34:0630(107)AR - - AFGE Local 1568 and HUD - - 1990 FLRAdec AR - - v34 p630



[ v34 p630 ]
34:0630(107)AR
The decision of the Authority follows:


34 FLRA No. 107

FEDERAL LABOR RELATIONS AUTHORITY

WASHINGTON, D.C.

AMERICAN FEDERATION OF GOVERNMENT EMPLOYEES

LOCAL 1568

and

U.S. DEPARTMENT OF HOUSING AND URBAN DEVELOPMENT

0-AR-1780

DECISION

January 29, 1990

Before Chairman McKee and Members Talkin and Armendariz.

I. Statement of the Case

This matter is before the Authority on exceptions to the award of Arbitrator Michael Jay Jedel. The Arbitrator denied a grievance concerning an employee's use of a radio during business hours.

The American Federation of Government Employees, Local 1568 (the Union) filed exceptions to the Arbitrator's award under section 7122(a) of the Federal Service Labor-Management Relations Statute (the Statute) and Part 2425 of the Authority's Rules and Regulations. The U.S. Department of Housing and Urban Development (the Agency) filed an opposition to the exceptions.

For the reasons discussed below, we conclude that the Union's exceptions provide no basis for finding the award deficient. Accordingly, we will deny the Union's exceptions.

II. Background and Arbitrator's Award

The grievant worked as an Accounting Technician in the Accounting Division of the Agency's Atlanta Regional Office. On December 22 or 23, 1987, the grievant brought a radio with headphones to the office. The grievant was listening to the radio at her work station during business hours. The grievant's immediate supervisor told her not to bring a radio to the office again because radios were not allowed in the Accounting Division.

A grievance was filed. When the parties did not resolve the grievance, it was submitted to arbitration on the following stipulated issue:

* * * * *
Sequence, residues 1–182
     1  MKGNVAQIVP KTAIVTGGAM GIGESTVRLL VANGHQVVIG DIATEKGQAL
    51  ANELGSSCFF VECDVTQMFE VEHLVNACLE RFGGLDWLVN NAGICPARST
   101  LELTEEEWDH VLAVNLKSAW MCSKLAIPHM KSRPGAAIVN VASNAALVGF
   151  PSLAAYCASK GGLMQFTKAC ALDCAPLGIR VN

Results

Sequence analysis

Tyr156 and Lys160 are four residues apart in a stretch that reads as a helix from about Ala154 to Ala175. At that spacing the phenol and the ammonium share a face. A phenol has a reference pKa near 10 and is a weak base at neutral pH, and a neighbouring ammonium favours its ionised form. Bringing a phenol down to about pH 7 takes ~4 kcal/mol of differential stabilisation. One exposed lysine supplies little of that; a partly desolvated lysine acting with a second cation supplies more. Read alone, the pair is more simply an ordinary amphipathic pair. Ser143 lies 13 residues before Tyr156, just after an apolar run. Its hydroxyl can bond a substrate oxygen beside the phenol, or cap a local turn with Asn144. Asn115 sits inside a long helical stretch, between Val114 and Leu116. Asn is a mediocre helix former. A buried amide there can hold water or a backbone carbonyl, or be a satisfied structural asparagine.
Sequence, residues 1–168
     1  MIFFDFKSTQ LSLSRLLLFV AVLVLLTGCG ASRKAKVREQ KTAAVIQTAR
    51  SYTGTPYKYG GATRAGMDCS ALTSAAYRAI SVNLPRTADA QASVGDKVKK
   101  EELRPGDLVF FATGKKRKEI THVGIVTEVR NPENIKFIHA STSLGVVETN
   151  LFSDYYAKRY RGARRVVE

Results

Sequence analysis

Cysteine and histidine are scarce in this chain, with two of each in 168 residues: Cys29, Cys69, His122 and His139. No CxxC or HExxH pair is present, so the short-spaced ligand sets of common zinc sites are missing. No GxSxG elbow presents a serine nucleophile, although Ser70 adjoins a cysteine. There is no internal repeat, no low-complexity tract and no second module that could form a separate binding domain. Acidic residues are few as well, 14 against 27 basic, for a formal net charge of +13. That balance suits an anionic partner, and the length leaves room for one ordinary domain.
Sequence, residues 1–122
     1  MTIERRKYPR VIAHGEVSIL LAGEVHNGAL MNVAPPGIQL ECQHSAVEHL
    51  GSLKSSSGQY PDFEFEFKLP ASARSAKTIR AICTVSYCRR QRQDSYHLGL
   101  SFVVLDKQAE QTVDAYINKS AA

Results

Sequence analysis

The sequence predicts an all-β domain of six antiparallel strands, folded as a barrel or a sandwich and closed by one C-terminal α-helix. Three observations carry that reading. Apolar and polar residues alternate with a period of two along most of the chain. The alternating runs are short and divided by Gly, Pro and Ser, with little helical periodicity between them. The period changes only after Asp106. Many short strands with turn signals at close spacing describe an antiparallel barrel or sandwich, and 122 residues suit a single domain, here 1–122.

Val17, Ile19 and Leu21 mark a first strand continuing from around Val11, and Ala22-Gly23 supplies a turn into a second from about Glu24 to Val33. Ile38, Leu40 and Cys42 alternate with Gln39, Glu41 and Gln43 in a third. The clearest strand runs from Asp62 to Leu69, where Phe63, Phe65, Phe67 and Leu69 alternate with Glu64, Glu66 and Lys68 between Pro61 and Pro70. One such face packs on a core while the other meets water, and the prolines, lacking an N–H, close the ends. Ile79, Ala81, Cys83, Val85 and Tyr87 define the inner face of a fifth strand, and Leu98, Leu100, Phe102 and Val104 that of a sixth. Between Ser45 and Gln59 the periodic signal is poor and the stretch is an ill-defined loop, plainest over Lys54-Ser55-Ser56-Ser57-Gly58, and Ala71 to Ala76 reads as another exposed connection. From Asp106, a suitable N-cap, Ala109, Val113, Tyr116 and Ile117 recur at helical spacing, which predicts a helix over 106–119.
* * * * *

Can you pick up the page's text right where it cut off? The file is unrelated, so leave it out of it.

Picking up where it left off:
Did Management violate Article 4, Section 4.04 or Article 5, Section 5.02 of the National Agreement between U.S. Department of Housing and Urban Development and American Federation of Government Employees, AFL-CIO, by the action of [the supervisor] on December 22 or 23, 1987, when he denied [the grievant] the use of her radio; if so, what shall the remedy be?

Award at 2.

The Arbitrator found that the Agency did not violate section 5.02 of the parties' collective bargaining agreement, which requires the Agency to notify the Union of "proposed changes relating to personnel policies, practices, and conditions of employment[.]" Id. at 3. The Arbitrator determined that no change in the policy concerning use of radios occurred in the Accounting Division. The Arbitrator found that although the Agency did not have a written policy or rule concerning personal use of radios, there was "clear and convincing evidence that there was a longstanding and known unwritten rule or standard concerning the non-use of radios in Accounting under normal working circumstances." Id. at 13. (Emphasis in original.) Therefore, the Arbitrator rejected the Union's contention that the Agency violated section 5.02 of the National Agreement.